SUPPLY, demand and capacity factors have delivered another big surge in direct consignment slaughter cattle pricing this week, with both cow and steer offers rising sharply since Friday.
Best offers from competitive Queensland processors this week have four-tooth grassfed heavy ox at 830c/kg and heavy boner cows 775c – both up another 20-25c, and hitting another round of all-time highs.
Another large Queensland processor was considering their position this afternoon, but sounded resigned to having to lift rates to match its competitors.
The latest adjustments follow similar rises a week before. A fortnight ago, our weekly kill report still had had best offers on cows in Queensland at 730c, and four-tooth steer 790c – although some large participants were not actively quoting that week, still working through their backlog of grainfeds and battling staff attendance issues due to COVID.
It means rates on cows have now lifted around 45c and steers 40c since the start of February.
Several influences appear to be in play. As described last week, processors’ capacity to operate has lifted a little more quickly than they had anticipated, as staff returned to work after the earlier COVID illness and isolation issues smashed manning capacity.
It has meant that current slaughter cattle bookings are not aligning with some plants’ heightened ability to process stock. One senior processing contact said his business was ‘very current’ at present, with only limited bookings into next week.
Additionally, the good season means slaughter cattle are not coming forward, as processors would like, because their owners are content to add as much weight as possible before putting them on the truck.
The other big factor is healthy domestic and international meat demand, as the Omicron wave starts to clear around the world.
In US$ terms, imported Australian and NZ frozen 90CL blended cow beef for hamburger patties was quoted on Friday at US310c/lb, up US73c or 31pc on this time last year. That’s the highest price level seen since a brief spike in late 2019.
In its US imported beef market commentary on Friday, Steiner Consulting said it thought lean beef demand in the US presently was “excellent”, and the only reason why imported beef prices had not escalated further was due to ample US domestic manufacturing beef supply in the spot market (due to worsening drought across the central and western cattle regions of the US).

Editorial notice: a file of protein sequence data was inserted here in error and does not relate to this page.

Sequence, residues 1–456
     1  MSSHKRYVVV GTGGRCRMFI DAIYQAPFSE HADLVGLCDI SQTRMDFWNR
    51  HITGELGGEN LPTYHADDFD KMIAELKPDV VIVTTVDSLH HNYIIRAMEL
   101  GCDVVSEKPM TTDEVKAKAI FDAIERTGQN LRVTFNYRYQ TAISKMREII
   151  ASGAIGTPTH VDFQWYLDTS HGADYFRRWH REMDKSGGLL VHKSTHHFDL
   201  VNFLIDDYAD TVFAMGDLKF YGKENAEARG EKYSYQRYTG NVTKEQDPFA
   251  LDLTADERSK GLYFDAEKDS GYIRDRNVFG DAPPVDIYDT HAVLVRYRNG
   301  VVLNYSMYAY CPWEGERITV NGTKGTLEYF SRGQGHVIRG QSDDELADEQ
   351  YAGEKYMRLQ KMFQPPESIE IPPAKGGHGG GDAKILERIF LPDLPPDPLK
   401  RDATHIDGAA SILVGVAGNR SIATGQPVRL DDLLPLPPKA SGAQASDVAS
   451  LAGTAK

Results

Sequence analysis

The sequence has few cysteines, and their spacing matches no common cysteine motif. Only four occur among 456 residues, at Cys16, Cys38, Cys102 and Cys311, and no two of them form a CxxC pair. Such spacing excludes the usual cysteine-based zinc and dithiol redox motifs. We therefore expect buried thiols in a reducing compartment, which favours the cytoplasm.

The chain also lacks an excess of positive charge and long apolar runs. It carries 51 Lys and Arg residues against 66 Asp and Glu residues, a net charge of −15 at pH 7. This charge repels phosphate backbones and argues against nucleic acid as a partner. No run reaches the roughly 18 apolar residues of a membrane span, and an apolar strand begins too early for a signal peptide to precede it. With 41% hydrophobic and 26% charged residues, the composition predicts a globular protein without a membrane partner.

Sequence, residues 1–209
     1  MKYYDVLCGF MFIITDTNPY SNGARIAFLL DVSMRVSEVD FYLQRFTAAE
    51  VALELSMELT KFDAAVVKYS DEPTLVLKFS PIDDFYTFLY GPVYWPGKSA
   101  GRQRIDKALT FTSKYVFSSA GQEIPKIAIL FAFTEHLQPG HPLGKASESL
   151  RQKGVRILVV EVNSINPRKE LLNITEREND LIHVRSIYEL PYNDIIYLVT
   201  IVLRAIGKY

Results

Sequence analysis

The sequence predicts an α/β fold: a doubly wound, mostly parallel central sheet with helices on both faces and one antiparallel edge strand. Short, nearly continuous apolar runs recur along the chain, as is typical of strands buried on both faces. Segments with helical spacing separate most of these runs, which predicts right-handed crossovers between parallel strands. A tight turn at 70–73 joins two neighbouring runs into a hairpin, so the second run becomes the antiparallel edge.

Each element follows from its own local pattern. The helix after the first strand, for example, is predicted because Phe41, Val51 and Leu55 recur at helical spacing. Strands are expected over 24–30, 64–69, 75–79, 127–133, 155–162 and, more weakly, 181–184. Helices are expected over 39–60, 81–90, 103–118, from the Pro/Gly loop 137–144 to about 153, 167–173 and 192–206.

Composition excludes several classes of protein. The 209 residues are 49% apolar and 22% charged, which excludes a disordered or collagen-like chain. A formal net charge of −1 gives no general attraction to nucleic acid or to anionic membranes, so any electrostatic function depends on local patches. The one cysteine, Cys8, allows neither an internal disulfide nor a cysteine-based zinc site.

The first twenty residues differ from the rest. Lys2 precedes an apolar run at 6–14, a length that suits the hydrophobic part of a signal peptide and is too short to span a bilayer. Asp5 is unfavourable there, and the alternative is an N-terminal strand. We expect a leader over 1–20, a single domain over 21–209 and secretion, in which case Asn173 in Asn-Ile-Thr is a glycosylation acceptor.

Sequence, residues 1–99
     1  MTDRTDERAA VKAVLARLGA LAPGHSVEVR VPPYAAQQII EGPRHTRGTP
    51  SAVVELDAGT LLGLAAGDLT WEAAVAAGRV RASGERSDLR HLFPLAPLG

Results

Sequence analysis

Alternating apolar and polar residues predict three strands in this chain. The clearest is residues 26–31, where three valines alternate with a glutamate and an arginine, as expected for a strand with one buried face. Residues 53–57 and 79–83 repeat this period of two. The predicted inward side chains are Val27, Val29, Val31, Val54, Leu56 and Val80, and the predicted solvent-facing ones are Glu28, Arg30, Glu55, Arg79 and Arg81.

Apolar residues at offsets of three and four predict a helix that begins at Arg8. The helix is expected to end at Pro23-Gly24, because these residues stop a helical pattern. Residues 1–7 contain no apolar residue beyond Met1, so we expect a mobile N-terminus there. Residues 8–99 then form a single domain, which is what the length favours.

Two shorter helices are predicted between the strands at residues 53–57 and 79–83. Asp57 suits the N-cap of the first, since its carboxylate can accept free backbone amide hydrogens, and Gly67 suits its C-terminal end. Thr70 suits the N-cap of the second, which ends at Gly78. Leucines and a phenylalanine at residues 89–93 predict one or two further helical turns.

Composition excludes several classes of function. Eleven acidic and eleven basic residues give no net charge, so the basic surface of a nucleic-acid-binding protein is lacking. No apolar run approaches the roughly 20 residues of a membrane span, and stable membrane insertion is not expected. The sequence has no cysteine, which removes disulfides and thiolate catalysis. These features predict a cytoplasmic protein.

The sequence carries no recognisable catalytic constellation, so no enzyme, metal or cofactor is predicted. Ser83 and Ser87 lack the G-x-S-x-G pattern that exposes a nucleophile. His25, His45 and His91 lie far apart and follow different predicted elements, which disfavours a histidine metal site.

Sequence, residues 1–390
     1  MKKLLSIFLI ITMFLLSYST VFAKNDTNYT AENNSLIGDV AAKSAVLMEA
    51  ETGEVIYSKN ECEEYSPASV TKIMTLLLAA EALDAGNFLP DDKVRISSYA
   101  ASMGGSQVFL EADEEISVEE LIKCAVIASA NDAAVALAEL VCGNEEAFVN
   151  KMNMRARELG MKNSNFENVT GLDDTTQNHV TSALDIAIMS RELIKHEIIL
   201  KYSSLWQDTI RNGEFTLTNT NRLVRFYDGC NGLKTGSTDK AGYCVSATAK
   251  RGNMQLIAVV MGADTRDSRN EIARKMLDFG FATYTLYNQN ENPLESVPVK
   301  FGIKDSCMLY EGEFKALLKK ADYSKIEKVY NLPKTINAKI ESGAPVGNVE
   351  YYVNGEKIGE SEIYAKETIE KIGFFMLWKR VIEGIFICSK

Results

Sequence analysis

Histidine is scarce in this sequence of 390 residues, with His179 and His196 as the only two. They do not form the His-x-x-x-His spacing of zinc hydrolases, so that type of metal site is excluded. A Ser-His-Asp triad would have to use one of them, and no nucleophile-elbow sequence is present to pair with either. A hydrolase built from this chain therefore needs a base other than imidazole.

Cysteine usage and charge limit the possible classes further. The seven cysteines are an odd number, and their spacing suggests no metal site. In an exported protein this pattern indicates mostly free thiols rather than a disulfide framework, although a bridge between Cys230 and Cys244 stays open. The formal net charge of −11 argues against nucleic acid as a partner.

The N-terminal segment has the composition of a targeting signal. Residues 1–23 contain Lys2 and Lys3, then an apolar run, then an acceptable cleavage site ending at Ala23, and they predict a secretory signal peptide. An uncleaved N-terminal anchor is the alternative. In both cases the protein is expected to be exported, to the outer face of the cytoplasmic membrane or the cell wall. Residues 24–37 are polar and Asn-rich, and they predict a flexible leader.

More on imported beef prices in a separate report later this week.
Kills continue to rise
The seven-day national slaughter reported by NLRS continued to climb last week, reaching 95,868 head – a new high for the 2022 season. Volume was still significantly below this week last year however, showing a 7pc deficit.
Queensland’s kill continued to lift, as more plants restore manning levels after earlier COVID problems with staff. The state’s seven-day kill reached 46,551 head, up another 2pc on the previous week.
A key feature of the Queensland kill again last week was the historically low female percentage of the kill, with cows and heifers accounting for only 30.7pc of the overall number. The week before females contributed only 25.6pc – perhaps an all-time low, and the average figure for the past six weeks since most Queensland processors got back to work after the holiday break has been just 28pc.
It suggests that herd rebuilding is still in top gear, and it may be some considerable time before female kills get back anywhere near the 47pc figure which signals the turning point between herd expansion and contraction.
NSW kills last week eased 1pc to 27,433 head, but was only about a thousand shy of this time last year. Victoria recovered a little of the previous week’s lost ground, reaching 11,109 head, but still down 35pc on a year ago. South Australian processors accounted for 3722 head, while Tasmania lifted sharply to 4062 head, after an earlier February slump. Western Australia’s tally reached 2981 head, continuing a recent steady run of weekly kills around 3000 head.
Record high carcase weights
One important feature helping offset current low rates of Australian slaughter is carcase weights.
ABS records released last week showed the fourth quarter of 2021 produced all-time record carcase weights averaging 315.6kg across Australia, and 326.5kg in Queensland.
Average carcase weights have risen steadily from around 280kg in 2011, hitting just short of 300kg in 2017, before drought saw weights decline over the next two years.
The current heavy reliance on lotfeeding is a major contributing factor, however the sequence of solid seasons is also helping underpin current weights on all slaughter cattle. Low female slaughter is also contributing to overall heavier carcase weights.
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